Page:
• Freshly cracked black pepper
  • 2 cups all-purpose flour, for dredging
  • 4 large eggs, beaten
  • 3 cups panko breadcrumbs
  • 1 cup freshly grated Parmesan
  • Vegetable oil, for frying

Sandwich Build:

  • 2 tablespoons salted butter, softened
  • 4 soft brioche buns
  • 1 pound burrata cheese
  • 1/2 cup pickled cherry peppers, sliced 1/4-inch thick
  • 16 leaves fresh basil

Directions

Preheat the oven to 375 degrees F. Line a baking sheet with a silicone liner and another baking sheet with a wire rack.

For the eggplant: In a bowl, toss the tomatoes with the balsamic vinegar, olive oil, brown sugar and some salt. Evenly place the tomatoes on the lined baking sheet. Place in the oven and roast until slightly caramelized and dried out a bit, 20 to 30 minutes. Set aside.

Set the eggplant slices on the wire rack (if you don’t have a rack you can use a colander set in the sink). Sprinkle salt on each side of the eggplant and let the salt do the work for 15 to 30 minutes.

Once the salt has released moisture from the eggplant, pat the slices dry with paper towels. Then sprinkle each side of the eggplant with pepper.

Set up a standard breading station with the flour in one shallow dish, the eggs in another and the panko mixed with the Parmesan in a third dish. Dredge each eggplant slice in the flour, shake off any excess, dip in the egg, let any excess drip off and then coat in the panko. Set aside on the wire rack and repeat.

In a large cast-iron skillet, heat 1-inch vegetable oil to 350 degrees F.

Working in small batches, fry the eggplant slices, turning once, until golden brown, 3 to 5 minutes a side. Using a pair of tongs, transfer back to the wire rack. Repeat with the remaining eggplant. Make sure to season the eggplant as it comes out of the oil.

For the sandwich build: Butter and griddle both sides of the buns until golden and crispy (you can toast the buns as well). Tear the burrata over the bottom buns, then add 2 hot eggplant slices, some roasted tomatoes, a few pickled cherry peppers and some fresh basil leaves on each bun. Serve to applause.

Stack of Heaven: Eggplant, Tomato & Feta Cheese Napolean

I live for the day when heirloom tomatoes appear at the farmers market. I’m a bit of a tomato fiend — I’m sorry, but a sandwich is just not a sandwich without tomato — but nothing beats a fresh, local, funky-looking heirloom tomato. I love them so much that I spent $12 on them at the farmers market. And it will be worth every penny, believe me!

My go-to with an heirloom is a simple caprese salad with fresh mozzarella, but this week I found a delicious-looking recipe for Eggplant, Tomato, and Feta Cheese Napoleans (courtesy of Emeril). Um, yes please!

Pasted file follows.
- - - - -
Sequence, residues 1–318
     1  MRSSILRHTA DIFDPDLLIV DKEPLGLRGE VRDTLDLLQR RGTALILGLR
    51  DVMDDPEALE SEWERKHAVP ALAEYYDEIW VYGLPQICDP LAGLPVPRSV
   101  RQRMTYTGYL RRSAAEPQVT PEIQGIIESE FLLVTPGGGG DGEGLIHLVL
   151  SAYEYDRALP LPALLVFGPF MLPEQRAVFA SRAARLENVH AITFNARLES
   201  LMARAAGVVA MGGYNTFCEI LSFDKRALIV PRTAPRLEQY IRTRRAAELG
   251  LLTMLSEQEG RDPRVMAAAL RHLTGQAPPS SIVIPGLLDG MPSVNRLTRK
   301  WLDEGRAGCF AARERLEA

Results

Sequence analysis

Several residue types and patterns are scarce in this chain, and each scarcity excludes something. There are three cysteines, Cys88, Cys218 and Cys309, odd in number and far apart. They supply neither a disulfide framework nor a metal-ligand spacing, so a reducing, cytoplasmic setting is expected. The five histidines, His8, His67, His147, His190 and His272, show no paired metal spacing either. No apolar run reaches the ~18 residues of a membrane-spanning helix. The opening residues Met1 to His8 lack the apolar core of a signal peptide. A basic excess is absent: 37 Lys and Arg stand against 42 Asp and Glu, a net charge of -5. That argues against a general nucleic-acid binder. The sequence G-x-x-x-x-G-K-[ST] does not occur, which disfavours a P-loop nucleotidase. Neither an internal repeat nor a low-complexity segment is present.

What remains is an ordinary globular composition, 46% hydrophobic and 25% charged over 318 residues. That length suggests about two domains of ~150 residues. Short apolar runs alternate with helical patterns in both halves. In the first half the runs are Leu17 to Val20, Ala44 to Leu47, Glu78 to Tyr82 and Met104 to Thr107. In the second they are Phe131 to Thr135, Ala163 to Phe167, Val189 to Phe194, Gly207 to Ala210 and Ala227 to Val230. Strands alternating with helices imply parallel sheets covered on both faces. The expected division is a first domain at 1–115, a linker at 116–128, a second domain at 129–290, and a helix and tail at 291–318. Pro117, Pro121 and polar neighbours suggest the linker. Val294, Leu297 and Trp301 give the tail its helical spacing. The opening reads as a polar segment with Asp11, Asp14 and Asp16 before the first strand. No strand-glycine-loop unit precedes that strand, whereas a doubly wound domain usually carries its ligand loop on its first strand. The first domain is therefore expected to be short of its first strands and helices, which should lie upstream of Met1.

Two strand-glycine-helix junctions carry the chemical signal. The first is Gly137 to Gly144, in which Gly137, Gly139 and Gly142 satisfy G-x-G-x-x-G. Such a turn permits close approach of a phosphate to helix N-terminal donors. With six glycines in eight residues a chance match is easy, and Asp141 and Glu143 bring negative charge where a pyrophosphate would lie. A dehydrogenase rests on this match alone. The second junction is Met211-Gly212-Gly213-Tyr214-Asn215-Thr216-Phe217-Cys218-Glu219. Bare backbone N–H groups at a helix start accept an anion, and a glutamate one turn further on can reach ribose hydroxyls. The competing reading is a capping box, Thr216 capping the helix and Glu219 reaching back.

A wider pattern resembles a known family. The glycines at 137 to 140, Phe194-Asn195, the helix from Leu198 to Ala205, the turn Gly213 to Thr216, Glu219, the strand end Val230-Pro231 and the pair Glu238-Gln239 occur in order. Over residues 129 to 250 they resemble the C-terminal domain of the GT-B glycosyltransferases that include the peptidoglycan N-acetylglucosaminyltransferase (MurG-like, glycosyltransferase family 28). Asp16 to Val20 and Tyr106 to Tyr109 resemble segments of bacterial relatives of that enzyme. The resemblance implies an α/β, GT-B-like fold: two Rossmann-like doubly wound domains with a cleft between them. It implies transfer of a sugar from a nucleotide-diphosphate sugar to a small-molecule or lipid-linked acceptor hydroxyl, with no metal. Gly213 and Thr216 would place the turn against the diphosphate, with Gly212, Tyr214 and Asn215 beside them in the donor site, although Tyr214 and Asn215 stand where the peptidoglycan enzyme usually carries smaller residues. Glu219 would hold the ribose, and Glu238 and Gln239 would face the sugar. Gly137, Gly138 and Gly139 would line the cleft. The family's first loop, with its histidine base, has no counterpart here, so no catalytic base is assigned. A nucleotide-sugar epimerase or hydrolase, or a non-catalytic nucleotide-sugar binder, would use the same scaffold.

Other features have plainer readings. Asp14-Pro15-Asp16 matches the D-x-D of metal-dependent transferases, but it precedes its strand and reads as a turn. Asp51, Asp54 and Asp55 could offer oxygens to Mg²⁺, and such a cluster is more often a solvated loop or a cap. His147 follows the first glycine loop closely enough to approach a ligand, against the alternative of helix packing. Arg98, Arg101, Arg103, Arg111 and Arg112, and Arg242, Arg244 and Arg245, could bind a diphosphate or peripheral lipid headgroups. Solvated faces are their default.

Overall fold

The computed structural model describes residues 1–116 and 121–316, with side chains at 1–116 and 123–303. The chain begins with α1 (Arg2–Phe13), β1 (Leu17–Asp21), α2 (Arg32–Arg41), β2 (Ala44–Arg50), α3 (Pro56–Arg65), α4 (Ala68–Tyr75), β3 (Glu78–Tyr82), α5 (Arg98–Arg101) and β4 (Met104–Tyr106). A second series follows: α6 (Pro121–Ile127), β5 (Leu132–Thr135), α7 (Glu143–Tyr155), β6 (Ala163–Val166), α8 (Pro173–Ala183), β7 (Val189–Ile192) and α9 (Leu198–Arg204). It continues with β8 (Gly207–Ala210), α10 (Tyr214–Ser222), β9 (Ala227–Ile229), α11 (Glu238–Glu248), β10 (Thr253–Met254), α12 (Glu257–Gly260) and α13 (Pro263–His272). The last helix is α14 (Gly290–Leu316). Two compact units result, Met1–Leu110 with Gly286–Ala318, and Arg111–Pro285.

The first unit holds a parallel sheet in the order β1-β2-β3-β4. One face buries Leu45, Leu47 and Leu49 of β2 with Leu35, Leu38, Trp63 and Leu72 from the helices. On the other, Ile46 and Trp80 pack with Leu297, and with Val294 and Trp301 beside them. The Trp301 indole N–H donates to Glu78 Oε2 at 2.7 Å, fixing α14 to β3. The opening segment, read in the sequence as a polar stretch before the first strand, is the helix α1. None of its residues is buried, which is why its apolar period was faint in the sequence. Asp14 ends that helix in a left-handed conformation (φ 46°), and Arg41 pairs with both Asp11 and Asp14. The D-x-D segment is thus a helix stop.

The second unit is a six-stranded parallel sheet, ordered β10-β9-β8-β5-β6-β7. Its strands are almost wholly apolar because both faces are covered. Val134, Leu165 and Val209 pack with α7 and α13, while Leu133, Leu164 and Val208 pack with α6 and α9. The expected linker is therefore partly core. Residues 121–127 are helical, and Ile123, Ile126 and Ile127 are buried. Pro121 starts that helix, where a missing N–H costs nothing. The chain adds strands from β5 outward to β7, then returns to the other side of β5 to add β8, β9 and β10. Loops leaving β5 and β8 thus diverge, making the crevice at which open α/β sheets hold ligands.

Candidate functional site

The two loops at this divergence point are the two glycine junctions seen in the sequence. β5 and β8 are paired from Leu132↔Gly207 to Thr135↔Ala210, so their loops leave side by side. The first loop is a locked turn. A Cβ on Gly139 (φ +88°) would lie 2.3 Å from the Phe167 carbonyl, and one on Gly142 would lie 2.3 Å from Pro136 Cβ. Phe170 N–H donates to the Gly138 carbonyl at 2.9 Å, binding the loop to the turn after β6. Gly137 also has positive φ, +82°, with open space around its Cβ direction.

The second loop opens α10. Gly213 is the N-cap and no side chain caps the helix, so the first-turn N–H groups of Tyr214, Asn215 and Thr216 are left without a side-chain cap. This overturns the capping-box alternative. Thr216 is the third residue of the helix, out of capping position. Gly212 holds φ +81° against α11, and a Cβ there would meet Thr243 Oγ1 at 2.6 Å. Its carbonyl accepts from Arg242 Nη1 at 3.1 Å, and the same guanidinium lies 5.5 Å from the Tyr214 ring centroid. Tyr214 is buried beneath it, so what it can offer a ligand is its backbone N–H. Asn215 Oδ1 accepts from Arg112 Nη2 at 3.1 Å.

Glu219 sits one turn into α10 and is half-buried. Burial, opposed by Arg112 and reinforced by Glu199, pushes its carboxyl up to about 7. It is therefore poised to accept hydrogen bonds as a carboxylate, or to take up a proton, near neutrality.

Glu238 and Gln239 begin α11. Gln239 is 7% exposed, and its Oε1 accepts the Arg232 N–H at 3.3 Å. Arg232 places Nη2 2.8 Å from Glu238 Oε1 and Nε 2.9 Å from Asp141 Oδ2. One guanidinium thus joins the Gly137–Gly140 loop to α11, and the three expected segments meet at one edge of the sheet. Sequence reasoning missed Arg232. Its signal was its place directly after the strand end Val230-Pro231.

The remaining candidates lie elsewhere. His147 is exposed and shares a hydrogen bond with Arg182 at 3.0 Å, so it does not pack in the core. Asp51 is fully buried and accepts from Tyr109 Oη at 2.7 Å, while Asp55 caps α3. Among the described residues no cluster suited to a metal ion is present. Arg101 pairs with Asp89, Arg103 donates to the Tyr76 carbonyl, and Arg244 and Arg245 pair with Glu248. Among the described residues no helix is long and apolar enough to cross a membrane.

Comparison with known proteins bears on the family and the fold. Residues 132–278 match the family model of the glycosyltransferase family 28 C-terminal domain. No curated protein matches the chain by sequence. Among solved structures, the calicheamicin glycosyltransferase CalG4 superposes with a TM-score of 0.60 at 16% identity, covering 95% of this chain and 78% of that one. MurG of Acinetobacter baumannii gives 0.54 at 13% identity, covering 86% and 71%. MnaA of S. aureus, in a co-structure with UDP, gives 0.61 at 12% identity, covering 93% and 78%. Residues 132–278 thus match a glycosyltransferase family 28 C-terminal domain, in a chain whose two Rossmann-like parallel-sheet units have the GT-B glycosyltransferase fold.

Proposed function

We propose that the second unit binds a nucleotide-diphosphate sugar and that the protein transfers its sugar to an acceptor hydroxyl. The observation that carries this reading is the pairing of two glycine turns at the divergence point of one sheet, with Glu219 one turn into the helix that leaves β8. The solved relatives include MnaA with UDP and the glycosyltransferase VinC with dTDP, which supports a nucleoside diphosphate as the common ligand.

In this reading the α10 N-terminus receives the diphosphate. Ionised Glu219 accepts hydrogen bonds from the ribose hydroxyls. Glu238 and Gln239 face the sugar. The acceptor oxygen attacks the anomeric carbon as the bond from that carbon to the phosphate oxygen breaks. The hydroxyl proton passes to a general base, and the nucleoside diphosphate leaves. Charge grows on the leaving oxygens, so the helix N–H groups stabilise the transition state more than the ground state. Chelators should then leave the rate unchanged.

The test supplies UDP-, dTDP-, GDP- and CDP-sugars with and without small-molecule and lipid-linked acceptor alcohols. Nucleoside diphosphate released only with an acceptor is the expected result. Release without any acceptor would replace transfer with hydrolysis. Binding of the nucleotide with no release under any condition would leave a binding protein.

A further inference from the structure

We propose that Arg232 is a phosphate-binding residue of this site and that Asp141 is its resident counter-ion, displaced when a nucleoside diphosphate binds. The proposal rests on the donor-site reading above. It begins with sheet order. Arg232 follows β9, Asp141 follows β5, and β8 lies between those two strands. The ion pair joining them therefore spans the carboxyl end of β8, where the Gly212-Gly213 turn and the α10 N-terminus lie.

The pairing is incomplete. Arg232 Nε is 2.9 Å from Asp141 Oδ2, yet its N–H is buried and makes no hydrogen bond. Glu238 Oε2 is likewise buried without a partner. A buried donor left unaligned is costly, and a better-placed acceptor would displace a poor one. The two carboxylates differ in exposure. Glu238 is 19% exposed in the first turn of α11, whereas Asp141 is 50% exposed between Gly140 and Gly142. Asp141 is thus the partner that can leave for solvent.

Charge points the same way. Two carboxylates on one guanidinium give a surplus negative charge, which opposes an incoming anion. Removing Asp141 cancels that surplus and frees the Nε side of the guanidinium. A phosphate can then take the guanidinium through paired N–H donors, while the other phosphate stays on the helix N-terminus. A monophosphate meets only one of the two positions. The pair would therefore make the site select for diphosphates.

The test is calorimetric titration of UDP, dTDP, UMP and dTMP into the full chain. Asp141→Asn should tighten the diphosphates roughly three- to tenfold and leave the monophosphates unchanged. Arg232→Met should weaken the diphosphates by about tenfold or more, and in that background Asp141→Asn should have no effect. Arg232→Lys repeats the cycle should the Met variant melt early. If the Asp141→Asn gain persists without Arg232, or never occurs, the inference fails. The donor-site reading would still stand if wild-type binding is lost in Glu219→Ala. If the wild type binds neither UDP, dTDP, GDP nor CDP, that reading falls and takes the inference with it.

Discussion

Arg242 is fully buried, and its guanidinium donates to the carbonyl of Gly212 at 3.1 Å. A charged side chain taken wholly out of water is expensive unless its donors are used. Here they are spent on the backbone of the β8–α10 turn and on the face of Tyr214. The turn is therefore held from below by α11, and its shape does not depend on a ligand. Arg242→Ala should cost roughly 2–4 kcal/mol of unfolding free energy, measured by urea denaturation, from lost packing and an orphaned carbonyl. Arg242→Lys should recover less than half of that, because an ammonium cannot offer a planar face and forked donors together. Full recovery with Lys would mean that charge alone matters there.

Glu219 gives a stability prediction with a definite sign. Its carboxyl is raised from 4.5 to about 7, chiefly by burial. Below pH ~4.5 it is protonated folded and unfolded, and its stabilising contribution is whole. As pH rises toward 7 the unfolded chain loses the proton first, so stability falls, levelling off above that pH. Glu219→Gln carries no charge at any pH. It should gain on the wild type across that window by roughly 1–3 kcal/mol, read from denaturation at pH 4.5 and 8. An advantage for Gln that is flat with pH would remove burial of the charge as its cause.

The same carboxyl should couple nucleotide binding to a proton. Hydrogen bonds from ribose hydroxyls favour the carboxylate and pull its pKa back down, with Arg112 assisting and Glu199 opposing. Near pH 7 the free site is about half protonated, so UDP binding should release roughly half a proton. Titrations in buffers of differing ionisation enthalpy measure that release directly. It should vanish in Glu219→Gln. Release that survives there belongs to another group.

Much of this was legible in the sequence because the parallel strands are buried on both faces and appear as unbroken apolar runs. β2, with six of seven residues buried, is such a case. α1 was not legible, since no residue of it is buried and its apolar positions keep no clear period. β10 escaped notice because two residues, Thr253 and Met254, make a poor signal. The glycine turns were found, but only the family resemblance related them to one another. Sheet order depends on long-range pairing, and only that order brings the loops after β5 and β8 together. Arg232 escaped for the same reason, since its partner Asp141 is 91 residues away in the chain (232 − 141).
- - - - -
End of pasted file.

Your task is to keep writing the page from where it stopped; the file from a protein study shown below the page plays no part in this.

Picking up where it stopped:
Eggplant is one of my favorite vegetables, and I found some adorable little purple and white specimens at Whole Foods that I couldn’t pass up. Roasted with balsamic vinegar and stacked with goat cheese, tomatoes and basil oil…oh wow. Not only does it look impressive, I think I could eat this for every meal this week. I opted for goat cheese instead of feta — good choice, if I don’t say so myself.

Seriously — how amazing does that look? I outdid myself on this one.

Eggplant, Tomato and Feta Cheese Napolean

PESTO OIL:

  • 2 cups loosely packed fresh basil leaves, washed and patted dry
  • 2 teaspoons minced garlic
  • 1 cup extra-virgin olive oil
  • 1 teaspoon salt
  • 1/2 teaspoon freshly ground black pepper

NAPOLEONS:

  • 1 medium eggplant
  • 1/4 cup plus 1 tablespoon extra-virgin olive oil
  • 1/4 cup balsamic vinegar
  • 1/2 teaspoon salt
  • 1/4 teaspoon freshly ground black pepper
  • 1 cup crumbled feta cheese or goat cheese (about 6 ounces)
  • 2 tablespoons thinly sliced fresh basil leaves
  • 2 large tomatoes, cored

To make the pesto oil, pulse the basil and garlic in a food processor or blender until finely chopped. With the machine running, add the olive oil in a steady stream and process until well blended. Season with the salt and pepper. Transfer to a bowl and cover tightly.

To make the napoleons, preheat the oven to 450°F.

Cut the eggplant crosswise into 12 slices about 1/4 inch thick. Mix 1/4 cup of the olive oil and the balsamic vinegar in a large bowl. Add the eggplant slices and toss to coat. Season with the salt and pepper.

Place the eggplant on a baking sheet in one layer and bake until soft, turning once, about 15 minutes. Let cool.

In a small bowl, combine the cheese, basil, and the remaining 1 tablespoon of olive oil.

Slice each tomato crosswise into 4 slices about 1/3 inch thick. Place 1 eggplant slice on a salad plate. Top with about 1 tablespoon of the cheese mixture, then a tomato slice. Drizzle 1 teaspoon of pesto oil over the tomato, then top with another tablespoon of cheese. Repeat with an other eggplant slice, 1 tablespoon cheese, a tomato slice, and 1 teaspoon pesto oil. Finish with a final eggplant slice, another tablespoon of cheese, and a drizzle of pesto oil. Repeat with the remaining ingredients.

Serve at room temperature, with pesto oil drizzled around each napoleon.

Yield: 4 servings